BBC sets precedent for employers following Clarkson's dismissal
Article date: 26/03/2015
The departure of Jeremy Clarkson from Top Gear has been headline
news this week, provoking much debate.
On Wednesday, the BBC confirmed that Clarkson, along with fellow presenters James May and Richard Hammond had contracts that were due to expire at the end of March and that they had made a decision not to renew Jeremy Clarkson's contract.
The announcement came after Clarkson had been suspended following an allegation of misconduct. The allegation was that he had been involved in a row with one of Top Gear's producers, which resulted in Clarkson physically attacking the producer. The row was said to have been about whether hot food would be provided during a period of filming. The investigation did show that the producer had taken himself to hospital following the attack and he had suffered swelling and bleeding to his lip. In addition, it was alleged that during the row Clarkson had used strong expletives and threatened to sack the producer.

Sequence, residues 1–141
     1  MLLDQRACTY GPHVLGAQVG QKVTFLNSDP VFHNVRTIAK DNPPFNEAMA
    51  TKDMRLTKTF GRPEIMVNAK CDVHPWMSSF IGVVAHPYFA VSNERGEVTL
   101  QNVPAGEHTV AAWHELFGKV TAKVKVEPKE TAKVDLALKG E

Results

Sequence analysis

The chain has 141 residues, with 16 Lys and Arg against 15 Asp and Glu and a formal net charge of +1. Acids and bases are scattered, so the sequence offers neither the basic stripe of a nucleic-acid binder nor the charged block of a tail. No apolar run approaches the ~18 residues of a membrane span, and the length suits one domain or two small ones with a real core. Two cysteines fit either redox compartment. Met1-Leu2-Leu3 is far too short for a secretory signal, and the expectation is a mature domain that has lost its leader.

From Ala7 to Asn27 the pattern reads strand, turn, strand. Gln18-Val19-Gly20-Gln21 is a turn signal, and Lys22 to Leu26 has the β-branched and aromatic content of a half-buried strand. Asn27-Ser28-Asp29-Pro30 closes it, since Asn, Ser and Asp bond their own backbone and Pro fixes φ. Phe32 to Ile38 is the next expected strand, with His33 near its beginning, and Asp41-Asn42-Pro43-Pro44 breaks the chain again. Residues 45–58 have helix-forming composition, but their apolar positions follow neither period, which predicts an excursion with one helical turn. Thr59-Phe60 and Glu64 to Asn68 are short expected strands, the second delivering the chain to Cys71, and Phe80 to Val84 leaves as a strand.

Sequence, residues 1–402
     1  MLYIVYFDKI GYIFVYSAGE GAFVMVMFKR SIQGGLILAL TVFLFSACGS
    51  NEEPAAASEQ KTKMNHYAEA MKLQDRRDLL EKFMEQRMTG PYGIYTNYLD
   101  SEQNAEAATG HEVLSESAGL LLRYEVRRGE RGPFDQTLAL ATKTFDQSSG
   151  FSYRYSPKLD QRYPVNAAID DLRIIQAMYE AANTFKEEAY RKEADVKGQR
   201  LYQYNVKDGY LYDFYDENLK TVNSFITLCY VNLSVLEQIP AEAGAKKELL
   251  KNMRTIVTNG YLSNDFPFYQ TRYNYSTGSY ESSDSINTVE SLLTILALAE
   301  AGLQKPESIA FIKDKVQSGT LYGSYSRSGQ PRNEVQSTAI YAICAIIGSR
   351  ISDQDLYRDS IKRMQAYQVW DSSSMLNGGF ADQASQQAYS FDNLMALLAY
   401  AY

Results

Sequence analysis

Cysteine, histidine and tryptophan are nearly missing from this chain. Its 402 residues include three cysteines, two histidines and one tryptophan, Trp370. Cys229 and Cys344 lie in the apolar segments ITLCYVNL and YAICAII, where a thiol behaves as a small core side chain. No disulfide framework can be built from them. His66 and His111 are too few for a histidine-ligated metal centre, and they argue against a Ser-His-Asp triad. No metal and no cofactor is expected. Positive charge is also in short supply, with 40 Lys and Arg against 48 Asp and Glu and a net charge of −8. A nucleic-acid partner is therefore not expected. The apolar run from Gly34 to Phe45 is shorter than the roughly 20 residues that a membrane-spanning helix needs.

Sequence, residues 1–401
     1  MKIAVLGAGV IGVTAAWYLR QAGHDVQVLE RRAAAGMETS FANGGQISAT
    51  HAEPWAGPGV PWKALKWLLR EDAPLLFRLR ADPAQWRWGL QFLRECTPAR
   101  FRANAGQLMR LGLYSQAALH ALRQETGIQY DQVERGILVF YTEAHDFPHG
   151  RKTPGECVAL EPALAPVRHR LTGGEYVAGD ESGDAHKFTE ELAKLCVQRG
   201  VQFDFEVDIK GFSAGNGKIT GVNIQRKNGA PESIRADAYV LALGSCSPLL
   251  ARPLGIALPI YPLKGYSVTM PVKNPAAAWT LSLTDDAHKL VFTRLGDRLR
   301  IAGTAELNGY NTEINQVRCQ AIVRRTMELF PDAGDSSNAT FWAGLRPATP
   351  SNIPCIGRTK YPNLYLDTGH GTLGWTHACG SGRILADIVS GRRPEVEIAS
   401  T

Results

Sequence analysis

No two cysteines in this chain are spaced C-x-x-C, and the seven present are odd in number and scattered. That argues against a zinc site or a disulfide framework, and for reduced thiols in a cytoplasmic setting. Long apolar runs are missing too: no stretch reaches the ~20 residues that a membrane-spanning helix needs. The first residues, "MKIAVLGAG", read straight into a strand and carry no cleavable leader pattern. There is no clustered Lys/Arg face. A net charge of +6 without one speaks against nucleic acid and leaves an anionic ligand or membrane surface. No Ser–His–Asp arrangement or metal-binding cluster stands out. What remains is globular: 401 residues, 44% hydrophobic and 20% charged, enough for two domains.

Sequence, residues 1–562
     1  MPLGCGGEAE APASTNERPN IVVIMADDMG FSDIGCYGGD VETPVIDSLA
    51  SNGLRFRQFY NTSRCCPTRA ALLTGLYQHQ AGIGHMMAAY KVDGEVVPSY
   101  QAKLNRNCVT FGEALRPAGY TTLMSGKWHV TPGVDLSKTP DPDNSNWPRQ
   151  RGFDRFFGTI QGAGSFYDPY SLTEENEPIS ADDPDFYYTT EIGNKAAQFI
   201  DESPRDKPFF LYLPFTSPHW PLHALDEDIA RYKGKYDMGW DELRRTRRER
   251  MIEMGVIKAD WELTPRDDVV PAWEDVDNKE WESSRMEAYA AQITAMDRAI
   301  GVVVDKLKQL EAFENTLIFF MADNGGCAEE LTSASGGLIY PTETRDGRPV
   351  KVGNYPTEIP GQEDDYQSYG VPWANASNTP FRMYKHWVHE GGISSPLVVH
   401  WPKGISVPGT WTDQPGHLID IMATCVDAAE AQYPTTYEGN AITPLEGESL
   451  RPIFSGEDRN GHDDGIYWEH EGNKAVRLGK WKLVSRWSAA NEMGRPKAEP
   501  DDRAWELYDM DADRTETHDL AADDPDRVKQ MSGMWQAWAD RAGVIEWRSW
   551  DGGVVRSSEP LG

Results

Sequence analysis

Top Gear is an extremely popular programme - one of the BBC's most successful, long-running series and the Corporation came under a lot of pressure to renew Clarkson's contract; an online petition was signed by more than a million people requesting him to be reinstated. However the BBC was clear that there cannot be one rule for one and another rule for others, and in light of the allegations and the evidence, it decided that not renewing Clarkson's contract was the appropriate decision. Prime Minister David Cameron also said he believed that "if you do something wrong at work there can be consequences" and that "aggressive and abusive behaviour is not acceptable in the workplace".
For employers, there are a number of important points to take away from this scenario.
The first is the decision not to renew Clarkson's contract had nothing to do with his popularity or public opinion. The BBC quite rightly considered the precedent it would have set if it had renewed Clarkson's contract and allowed him to return to the Corporation. It is also important to consider consistency of treatment between individuals and, assuming that the BBC would have taken similar decisions with other employees where there had been evidence of physical or verbal abuse, then it would have been difficult and potentially risky to have treated Clarkson differently. Finally, the BBC have clear policies on bullying and harassment and rather than just paying lip service to these policies, they wanted to ensure that they were enforcing them, which is something all employers should ensure that they do.
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